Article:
Creating spaces for climate education

Tone Lanzillo

In an April 26 article in Time magazine, “Climate Is Everything,” Justin Worland wrote, “The course of climatization – the process by which climate change will transform society – will play out in the coming years in every corner of society. Whether it leads to a more resilient world or exacerbates the worst elements of our society depends on whether we adjust or just stumble through.”

Worland talked about how climate change is touching everything, from health care and schooling to a surge in migration, a spike in crime and reduced productivity.

Yes. Even Duluth is slowly beginning to acknowledge that the climate emergency is showing up in many different places of our personal and public lives. We are not climate-proof and are starting to recognize where the city is beginning to face various climate challenges.

And because climate is everything, the latest news and information about climate change needs to be front and center for the citizens in Duluth. 

There needs to be “spaces” throughout the city where climate education for the greater community is available to anyone, and where everyone is given the opportunity to take that knowledge to help Duluth become a more resilient, sustainable and environmentally just city.

In his book "Good Thinking," scientist David Robert Grimes talks about the many people who do not acknowledge or even deny climate change because they tend to believe what ideologically appeals to them and will filter out information that conflicts with their deeply held beliefs. He stresses that to address climate change and change minds we must engage each other not only on a cognitive level but also on an emotional level.

“All the facts, arguments and logic in the world are for nothing if we cannot connect on an emotional level.” Grimes also states, “We must be willing to adapt in the face of new information, to jettison wrong-headed beliefs when required, and to embrace truth even when unpleasant.”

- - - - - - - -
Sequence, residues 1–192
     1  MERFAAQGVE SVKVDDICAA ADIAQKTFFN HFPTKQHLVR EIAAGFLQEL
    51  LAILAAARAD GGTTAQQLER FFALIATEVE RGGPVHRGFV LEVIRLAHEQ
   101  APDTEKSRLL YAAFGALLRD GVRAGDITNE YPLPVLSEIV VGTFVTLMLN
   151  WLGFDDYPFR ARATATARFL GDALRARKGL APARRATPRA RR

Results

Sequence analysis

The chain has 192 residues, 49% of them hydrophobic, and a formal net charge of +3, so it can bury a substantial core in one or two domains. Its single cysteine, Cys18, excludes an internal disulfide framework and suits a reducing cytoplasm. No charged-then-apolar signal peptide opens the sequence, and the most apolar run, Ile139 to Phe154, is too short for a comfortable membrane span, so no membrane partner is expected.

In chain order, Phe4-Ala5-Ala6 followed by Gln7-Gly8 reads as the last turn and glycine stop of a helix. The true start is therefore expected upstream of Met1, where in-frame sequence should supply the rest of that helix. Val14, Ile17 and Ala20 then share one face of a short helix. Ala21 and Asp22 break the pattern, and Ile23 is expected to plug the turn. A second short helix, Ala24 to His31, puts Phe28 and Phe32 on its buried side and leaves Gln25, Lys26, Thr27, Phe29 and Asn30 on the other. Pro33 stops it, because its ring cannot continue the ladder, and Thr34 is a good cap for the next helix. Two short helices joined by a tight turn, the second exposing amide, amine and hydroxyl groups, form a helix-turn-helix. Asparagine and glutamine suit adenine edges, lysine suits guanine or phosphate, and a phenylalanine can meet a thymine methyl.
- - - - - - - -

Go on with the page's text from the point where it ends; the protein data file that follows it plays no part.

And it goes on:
For the past several years, we have been inundated with a growing num-ber of climate challenges that will increasingly impact all of us; especially the most vulnerable in our city. What better way to empower ourselves and prepare for the future than to provide climate education to all of our citizens and community stakeholders.

Making climate education available, and also providing a safe and secure environment to process our emotions and examine long-held beliefs that may cause some discomfort, is essential to the future of this city on the hill.

With an essay titled “Education Is A Space To Change Your Mind” for the book "Radical Humility: Essays On Ordinary Acts," Troy Jollimore, a philosopher and poet, wrote, “The thing about the pursuit of wisdom, though, is that it requires humility; it requires that you believe that you are not already wise, or at least that you could become wiser ... It requires that we work toward developing a sense of the world as a vast and complex place that we can, and ought to, continue to learn about for the rest of our lives without ever coming to master.”

Given that climate is everything and that the climate emergency in our city is a vast and complex challenge, we must come to terms with the fact that learning about climate change and figuring out how to effectively adapt will be a long-term process.

While we will never have a complete understanding of what’s happening around and to us, with community-based climate education we will hopefully make more insightful and inclusive decisions.
Grimes’ words provide some sense of direction when he wrote, “There are huge questions over how we best address climate change, and frank conversations on the subject are sorely needed … constructive solutions can only be found when we acknowledge reality; problems cannot be rectified if they are not recognized.”

It is through climate education that we can ask those questions, have frank conversations and acknowledge what’s taking place in the real world.

Recently, I’ve been talking to several people in Norway who established the World Climate School. Their mission has been to provide what they call “transformative education” that encourages climate action. With chapters in Finland, India, Nigeria and seven other countries, we discussed the idea of bringing their school to the U.S.

Maybe, the World Climate School can offer another alternative to engaging, educating and empowering the citizens of Duluth.

Maybe, just maybe, this school can help all of us elevate the conversation about climate change in our city and create a collective sense of urgency in figuring out how to wisely and constructively address the climate emergency.